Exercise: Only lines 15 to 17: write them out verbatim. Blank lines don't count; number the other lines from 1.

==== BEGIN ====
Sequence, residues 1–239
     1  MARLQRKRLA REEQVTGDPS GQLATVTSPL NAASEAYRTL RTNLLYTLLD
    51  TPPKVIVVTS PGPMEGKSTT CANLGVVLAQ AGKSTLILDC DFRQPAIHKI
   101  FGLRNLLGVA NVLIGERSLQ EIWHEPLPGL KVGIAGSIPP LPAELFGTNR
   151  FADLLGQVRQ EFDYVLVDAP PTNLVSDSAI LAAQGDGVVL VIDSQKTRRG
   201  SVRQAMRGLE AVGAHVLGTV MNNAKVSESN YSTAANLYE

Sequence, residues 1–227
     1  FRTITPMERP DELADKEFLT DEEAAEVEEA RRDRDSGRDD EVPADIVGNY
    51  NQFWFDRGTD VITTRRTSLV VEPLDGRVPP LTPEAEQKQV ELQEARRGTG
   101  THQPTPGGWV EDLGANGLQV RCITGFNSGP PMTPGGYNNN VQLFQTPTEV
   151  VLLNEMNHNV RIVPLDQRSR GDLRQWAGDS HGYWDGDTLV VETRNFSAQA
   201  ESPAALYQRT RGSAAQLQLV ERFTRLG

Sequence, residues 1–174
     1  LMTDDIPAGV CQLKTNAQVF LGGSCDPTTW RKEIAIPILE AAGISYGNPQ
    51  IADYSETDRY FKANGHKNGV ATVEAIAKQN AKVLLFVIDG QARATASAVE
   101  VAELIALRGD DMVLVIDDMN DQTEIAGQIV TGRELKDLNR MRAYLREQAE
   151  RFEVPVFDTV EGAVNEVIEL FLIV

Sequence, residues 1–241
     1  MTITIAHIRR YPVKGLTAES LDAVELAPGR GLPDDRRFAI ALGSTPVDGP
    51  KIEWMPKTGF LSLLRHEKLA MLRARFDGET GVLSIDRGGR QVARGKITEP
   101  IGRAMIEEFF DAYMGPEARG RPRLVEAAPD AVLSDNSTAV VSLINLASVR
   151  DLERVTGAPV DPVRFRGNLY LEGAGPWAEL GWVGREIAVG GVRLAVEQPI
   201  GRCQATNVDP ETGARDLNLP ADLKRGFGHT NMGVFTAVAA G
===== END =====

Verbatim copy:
    51  IADYSETDRY FKANGHKNGV ATVEAIAKQN AKVLLFVIDG QARATASAVE
   101  VAELIALRGD DMVLVIDDMN DQTEIAGQIV TGRELKDLNR MRAYLREQAE
   151  RFEVPVFDTV EGAVNEVIEL FLIV